Because this is an academic class as well as a practicum, we will read two monumental works, one from the late middle ages (English) and one from the Counter-Reformation (Spanish, where else?). Both works outline a kind of prayer practice that we will be working toward on our Friday meetings. These works are probably going to seem foreign to you—because they ARE foreign! They are from other countries, other languages, other sensibilities. My best advice is to read through them diligently. Do not worry about understanding everything; take what you can from them and do not sweat the small stuff. On Mondays and Wednesdays, I will ask each of you to come to class with three questions or comments on the reading for that day; our class time will be used to get us all to the same place in regard to the readings, that’s all. The last book, by Thomas Keating, you will find much more useful and comprehensible,
The whole point of assignments (presentations, tests, papers, etc.) is two-fold: to augment or supplement student learning and to give the instructor something to evaluate. There is also quite often a third reason: to bond the class into a tighter community. I want us to reach towards all of these goals, and to that end, we have a number of different assignments.
First, each student will keep a prayer journal; this should contain not WHAT happens during your prayer periods, but rather what you think about when you reflect on the growth of your knowledge and practice of this prayer method. I will collect the journals a few times during the semester.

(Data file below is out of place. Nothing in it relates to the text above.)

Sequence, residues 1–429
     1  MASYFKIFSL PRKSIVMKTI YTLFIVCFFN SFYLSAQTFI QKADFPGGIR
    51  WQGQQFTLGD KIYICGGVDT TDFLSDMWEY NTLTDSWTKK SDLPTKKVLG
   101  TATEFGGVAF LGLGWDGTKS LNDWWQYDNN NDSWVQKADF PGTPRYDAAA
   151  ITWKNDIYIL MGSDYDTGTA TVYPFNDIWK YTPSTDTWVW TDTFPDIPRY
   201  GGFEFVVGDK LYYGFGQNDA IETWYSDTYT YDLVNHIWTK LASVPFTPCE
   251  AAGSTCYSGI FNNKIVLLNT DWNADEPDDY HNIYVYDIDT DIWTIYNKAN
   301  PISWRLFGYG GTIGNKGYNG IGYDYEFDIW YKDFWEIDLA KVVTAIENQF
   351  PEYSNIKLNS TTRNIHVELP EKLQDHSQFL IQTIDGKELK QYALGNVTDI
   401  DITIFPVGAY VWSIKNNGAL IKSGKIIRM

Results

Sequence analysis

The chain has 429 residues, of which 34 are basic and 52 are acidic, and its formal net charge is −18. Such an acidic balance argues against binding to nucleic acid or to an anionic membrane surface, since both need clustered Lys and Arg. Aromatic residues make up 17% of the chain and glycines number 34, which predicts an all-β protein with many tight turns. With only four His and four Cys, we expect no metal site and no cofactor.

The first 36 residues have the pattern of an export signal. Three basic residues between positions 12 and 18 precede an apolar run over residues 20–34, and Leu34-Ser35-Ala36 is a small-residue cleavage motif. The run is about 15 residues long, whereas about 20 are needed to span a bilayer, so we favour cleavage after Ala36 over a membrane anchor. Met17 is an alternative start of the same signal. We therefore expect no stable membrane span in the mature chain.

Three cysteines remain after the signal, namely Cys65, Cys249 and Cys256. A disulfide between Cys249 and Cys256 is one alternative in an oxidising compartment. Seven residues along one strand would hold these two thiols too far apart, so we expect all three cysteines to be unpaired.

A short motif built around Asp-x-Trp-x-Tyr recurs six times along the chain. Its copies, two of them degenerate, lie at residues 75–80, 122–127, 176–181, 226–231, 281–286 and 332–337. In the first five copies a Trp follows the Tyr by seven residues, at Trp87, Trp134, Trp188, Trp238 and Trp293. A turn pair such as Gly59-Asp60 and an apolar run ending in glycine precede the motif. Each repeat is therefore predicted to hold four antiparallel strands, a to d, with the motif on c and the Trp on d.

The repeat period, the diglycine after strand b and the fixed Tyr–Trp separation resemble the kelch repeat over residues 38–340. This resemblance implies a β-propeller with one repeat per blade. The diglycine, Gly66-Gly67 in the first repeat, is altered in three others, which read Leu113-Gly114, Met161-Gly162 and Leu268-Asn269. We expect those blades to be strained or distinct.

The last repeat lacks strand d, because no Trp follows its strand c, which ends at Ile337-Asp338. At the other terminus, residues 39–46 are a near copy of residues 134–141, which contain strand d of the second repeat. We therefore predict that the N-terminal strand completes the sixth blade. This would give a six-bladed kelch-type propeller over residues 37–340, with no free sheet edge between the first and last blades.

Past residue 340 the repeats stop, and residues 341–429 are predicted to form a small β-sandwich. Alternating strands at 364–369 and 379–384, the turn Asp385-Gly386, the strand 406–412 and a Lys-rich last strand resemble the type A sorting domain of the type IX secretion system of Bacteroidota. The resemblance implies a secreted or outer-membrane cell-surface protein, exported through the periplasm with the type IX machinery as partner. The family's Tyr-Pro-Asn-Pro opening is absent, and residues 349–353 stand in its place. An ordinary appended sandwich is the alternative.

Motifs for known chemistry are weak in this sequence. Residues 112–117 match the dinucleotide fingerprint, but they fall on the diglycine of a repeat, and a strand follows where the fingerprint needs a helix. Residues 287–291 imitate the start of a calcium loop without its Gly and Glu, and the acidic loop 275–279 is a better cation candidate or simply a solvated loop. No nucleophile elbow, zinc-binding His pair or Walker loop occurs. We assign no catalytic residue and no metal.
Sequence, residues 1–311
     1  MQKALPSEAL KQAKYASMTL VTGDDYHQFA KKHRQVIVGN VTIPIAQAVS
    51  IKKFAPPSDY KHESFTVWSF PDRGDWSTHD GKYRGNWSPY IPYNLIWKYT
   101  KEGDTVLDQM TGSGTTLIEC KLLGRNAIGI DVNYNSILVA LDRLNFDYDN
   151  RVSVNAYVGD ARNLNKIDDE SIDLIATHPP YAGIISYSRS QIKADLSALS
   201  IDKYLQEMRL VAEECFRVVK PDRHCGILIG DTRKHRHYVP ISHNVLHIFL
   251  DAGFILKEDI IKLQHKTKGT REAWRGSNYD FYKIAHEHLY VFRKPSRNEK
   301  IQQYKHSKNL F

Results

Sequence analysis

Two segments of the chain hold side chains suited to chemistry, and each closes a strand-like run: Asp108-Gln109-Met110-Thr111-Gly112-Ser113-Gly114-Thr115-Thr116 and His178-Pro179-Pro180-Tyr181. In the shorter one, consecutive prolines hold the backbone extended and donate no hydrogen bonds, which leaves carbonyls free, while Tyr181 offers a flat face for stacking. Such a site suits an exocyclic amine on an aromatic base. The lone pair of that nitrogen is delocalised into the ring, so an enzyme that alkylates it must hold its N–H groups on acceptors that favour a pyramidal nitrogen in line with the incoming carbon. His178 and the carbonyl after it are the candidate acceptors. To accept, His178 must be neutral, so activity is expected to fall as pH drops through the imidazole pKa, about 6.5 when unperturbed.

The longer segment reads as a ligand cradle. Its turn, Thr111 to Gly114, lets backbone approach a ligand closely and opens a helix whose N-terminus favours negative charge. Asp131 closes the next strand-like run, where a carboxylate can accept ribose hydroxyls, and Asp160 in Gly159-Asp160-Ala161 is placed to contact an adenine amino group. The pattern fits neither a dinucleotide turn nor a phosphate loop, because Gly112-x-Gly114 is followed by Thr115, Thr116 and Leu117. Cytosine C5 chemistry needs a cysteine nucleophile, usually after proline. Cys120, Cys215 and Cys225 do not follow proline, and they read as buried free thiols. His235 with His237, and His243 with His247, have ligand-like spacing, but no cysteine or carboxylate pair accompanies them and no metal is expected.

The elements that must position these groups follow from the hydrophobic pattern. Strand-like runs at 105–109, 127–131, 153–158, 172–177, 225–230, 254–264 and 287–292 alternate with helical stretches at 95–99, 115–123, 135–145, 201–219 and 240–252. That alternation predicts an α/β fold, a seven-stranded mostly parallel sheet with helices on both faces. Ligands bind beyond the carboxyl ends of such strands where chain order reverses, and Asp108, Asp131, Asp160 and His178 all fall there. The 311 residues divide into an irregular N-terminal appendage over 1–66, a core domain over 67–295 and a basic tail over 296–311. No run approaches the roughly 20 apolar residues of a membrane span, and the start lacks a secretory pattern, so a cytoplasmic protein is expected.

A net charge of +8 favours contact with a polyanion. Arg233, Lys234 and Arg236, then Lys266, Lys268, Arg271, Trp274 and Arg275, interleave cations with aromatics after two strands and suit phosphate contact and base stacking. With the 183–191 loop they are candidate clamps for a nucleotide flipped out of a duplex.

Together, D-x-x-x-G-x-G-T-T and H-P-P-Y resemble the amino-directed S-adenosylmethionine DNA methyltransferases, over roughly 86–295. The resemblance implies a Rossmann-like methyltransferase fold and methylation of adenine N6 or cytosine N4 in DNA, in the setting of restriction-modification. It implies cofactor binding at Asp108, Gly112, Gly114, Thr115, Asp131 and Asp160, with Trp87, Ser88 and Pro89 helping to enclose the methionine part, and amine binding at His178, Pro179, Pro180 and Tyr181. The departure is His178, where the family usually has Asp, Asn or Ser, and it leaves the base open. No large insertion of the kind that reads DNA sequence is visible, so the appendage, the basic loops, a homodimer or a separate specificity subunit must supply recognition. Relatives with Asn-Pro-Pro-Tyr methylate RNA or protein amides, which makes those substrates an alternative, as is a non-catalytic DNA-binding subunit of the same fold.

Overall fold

Second, each student will write an academic paper. This paper can be almost anything relevant. Perhaps a study of the medieval images of prayer, perhaps a scholarly work on one of the historical books we’re reading. Perhaps a comparative study of Centering Prayer, Lectio Divina, and Ignatius’ Spiritual Exercises.
Third, each student—either alone or in a group—will complete a Prayer Project. This is meant to be a creative expression that moves out from the individual to the Saint Martin’s community. Images, icons, prayer rugs, labyrinths, stations, prayer spaces—all of these ideas and more are possibilities.
Participation: Comes to each class on time and prepared, takes notes, initiates and maintains discussion, demonstrates familiarity with texts and reflection of reading, listens to and responds to other students, good cheer, considerate, asking questions, risking answers. 25%
Paper: College-level research, prose, and argumentation; 6-10 pages, MLA format; topic sentences, evidence of multiple revisions, originality, depth, risk, deep research texts. 25%
Journal: Evidence of clearly taking the assignment seriously; evidence of thinking and re-thinking ideas; development of a sense of self and the process, verbiage. 25%
Project: Amazes the instructor, changes the campus, challenges the lukewarm, raises the bar of originality and complexity, shows evidence of 20-40 hours of work. 25%.
The Cloud of Unknowing, Penguin
Autobiography of St. Teresa of Avila, trans. Peers, Dover
Open Mind, Open Heart, Thomas Keating
MWF 9-10, 11-12 TR 8:30-9:30 AND BY APPOINTMENT
Students with special needs must contact the instructor in the first week of classes and he will make all reasonable accommodations.